Tuesday, May 29, 2007

274. King Crimson - Larks' Tongues in Aspic (1973)

Track Listing

1. Lark's Tongues In Aspic
2. Book Of Saturday
3. Exiles
4. Easy Money
5. Talking Drum
6. Lark's Tongues In Aspic


And the Grammy of best use of Mbira in western rock goes to... King Crimson! Yay! The fact that the album starts with a solo on the african Mbira doesn't even start to scratch the surface of all that is happening in this album; there is just so much happening here and a lot of it at the same time that the first listen through are just overwhelming.

The first times I listened to the album I got a similar feeling to the one I get when I listen to Bartok's Concerto for Strings, Celesta and Percussion. An uneasy feeling in the pit of the stomach, but as it goes on and as you persist you are most definitely rewarded by one of the most exquisite albums of the 70's. There are abilities here on show that go much beyond the ability to play instruments well, the compositional skill is way up there and it is one of the Prog albums which actually managed to make art-rock. This is not a poor atempt like most ELP or Yes albums, this is much more in the realm of Can and Faust as a successful attemp to bring rock music to a more exalted level of erudition.

The genius of Robert Fripp is most definitely leading the qualities of the album, but it can at times feel slightly pretentious; the four tracks in the middle save it from that, however, with tracks that substitute the weirdness of the title track for something more immediately approachable. This is another essential album no one should be without, but you need to give it the right time for it to flower in your ears. Get it from Amazon UK or US.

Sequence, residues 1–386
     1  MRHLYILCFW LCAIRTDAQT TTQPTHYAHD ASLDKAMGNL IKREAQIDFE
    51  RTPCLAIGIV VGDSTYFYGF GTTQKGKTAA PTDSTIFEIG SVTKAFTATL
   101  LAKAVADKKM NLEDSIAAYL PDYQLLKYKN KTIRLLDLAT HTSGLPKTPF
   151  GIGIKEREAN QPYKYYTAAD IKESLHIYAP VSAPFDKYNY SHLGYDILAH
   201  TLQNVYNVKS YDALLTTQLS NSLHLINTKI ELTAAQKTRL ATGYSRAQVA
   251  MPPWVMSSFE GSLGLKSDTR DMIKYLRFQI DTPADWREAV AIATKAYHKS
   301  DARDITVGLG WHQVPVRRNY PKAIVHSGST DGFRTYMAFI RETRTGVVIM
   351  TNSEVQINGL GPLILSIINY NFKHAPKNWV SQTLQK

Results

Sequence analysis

Track Highlights

1. Book Of Saturday
2. Larks' Tongue in Aspic (Part One)
3. Exiles
4. Easy Money

Final Grade



From Wikipedia:

The album sees the band incorporate into its sound violin and also various exotic percussion instruments, including sheet metal and mbiras. The title was invented by percussionist Jamie Muir and is meant to signify what he heard in this album's music: something fragile and delicate (larks' tongues) encased in something corrosive and acidic (aspic).

Ahhh the wonders of the Internet! A Video of some other song by King Crimson with Book of Saturday as the soundtrack... well this is just so you can listen to the song anyway:

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